‘Gujia’ has mainly two sections- cover  and the filling. Cover is universally made of ‘maida’ and filling can be of various sorts depending upon one’s taste. It can vary from the pure ‘khoya’ (hard milk) to ‘suji’ (‘rava’ or semolina) to dry fruits to coconut and so on. The ‘gujia’ that we make is primarily made of ‘khoya’ while having all other mentioned ingredients as part of the filling. 

For cover, ‘maida’ is kneaded with ‘ghee’ and hot water. It is to be taken care that the mixture should be tight enough (tighter than that is used for chapattis). For stuffing, ‘khoya’ is to be mixed with fried ‘suji’, powdered sugar, grated coconut and other dry fruits- cashew nuts, almonds and raisins etc.  A solution of ‘maida’ and water is also made that is to be used as glue.

Solution of Maida and Water

Figure 1: Solution of Maida and Water

Once these three mixtures are ready, small balls of tight ‘maida’ mixture are prepared; these are then uniformly rolled out converting into round sheets. 

 

Figure 2: Maida Balls

Figure 3: Rolled Maida Balls.

Loose ‘maida’ solution is then pasted on half of the round ‘maida’ sheet and then the filling is done. The round sheet is folded in a way making it a half stuffed circle.

Figure 4: Loose Maida Solution during stuffing

Figure 4: Fold neatly the sides

With the help of a side cutting machine, this stuffed circle is then given a design on its corners; that makes it look aesthetically beautiful.

Figure 5: Side cutting tool

Figure 6: Gujias after the design

Rest of the ‘maida’ balls go through the same process. While this process is going on these raw ‘gujia’ are kept on specially constructed neat and clean bedding. These are placed delicately and covered with a thin cloth. Once all ‘gujia’s are stowed, those are deep fried together.

Figure 7: Gujias after frying

Almost always we are left with some extra ‘maida’ mixture that we use to make ‘namakparay’. That is how you get a combination of hot and sweet ‘gujia’ and salty ‘namakparay’.

Figure 8: Namakparay

Try making ‘gujia’ and celebrate Holi with enthusiasm

Happy Holi 🙂

© itiriti

Biography of Langcha- Burdwan or Krishnanagar

The genesis of Langcha as we all know goes back to an artisan  in Burdwan ( a district in West Bengal) who used to make Pantua ( fried sweetmeat made of flour and chchana dipped in sugar syrup) of huge sizes.  Langcha a sweet meat – in popular parlance was created by the erstwhile artisans of Shaktigarh in Burdwan. How did Langcha Dutta ( the artisan credited with this invention ) land in Burdwan? The noted novelist Narayan Sanyal in his historical novel “Rupamanjari” actually tells us a different story. Goutam Dhoni a noted journalist and correspondent of “Ekdin” a Bengali Daily tells me this fascinating tale in his house over a plate of Nikhuti ( a sweet famous in Krishnanagar).  In his latest article in Nadia Darpan( a local Bengali Daily) Dhoni brings to our attention how Langcha has travelled from Krishananagar ( a town in Nadia District) to Burdwan .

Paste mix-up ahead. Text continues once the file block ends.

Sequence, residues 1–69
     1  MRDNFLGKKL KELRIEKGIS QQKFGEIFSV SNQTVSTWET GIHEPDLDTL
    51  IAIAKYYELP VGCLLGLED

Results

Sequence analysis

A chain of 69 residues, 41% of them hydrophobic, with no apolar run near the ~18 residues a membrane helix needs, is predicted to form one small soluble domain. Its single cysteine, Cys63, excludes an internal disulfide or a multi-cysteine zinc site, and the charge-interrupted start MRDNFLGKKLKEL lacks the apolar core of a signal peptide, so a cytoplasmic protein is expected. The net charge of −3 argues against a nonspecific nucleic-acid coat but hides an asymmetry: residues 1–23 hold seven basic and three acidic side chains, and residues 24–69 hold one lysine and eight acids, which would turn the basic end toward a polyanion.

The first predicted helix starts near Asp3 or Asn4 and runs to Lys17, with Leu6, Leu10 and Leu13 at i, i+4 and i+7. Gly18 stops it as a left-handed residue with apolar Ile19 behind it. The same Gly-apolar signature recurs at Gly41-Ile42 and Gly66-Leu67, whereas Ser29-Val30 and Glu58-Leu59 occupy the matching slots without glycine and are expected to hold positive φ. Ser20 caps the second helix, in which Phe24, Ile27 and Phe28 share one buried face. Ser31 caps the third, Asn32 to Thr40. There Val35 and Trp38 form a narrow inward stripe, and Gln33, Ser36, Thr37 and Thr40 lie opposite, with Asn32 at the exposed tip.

Drawing from Narayan Sanyal’s novel Rupamanjari Goutam Dhoni(2011) argues that the genesis of “Langcha” actually goes back to the matrimony alliance between the two seats of power in two different parts of present day West Bengal. A matrimony alliance between the royal households of Krishnanagar and Burdwan changed the genesis of “Langcha”. For those unfamiliar with Langcha; it is a fried oval shaped sweetmeat fried and dipped in sugar syrup. It is made from Chchana( cottage cheese- an ingredient common to most of the sweets in Bengal). The story goes that a girl from the then Krishnanagar royal household was married to a son from Burdwan royal household. When she became pregnant she lost her appetite and refused to eat any food. During this time she expressed a desire to eat “langcha” – a sweetmeat that artisans from her maternal home used to prepare.

The then ruler of Krishnanagar made arrangements to find out who prepared “Langcha” but none of the Modaks/ Moiras( The Bengali confectioner; a caste group involved in preparation of sweets) in Krishnanagar seemed to be aware of Langcha. Apparently even the lady did not remember the name of the sweet. She had mentioned “Langcha” because the artisan who used to prepare this specific sweetmeat used to limp and walk ( in Bengali Langchano means to limp). Then the artisan was summoned to the Krishnagar court and was sent off to Burdwan. He was lured with lands to settle in Burdwan so that he could prepare delicacies for the royalty. Currently Shaktigarh, Burdwan district of Bengal is credited with huge Langchas but the shops in Krishnanagar take a special pride in how “Langcha” has travelled from Krishnanagar to Burdwan.

©itiriti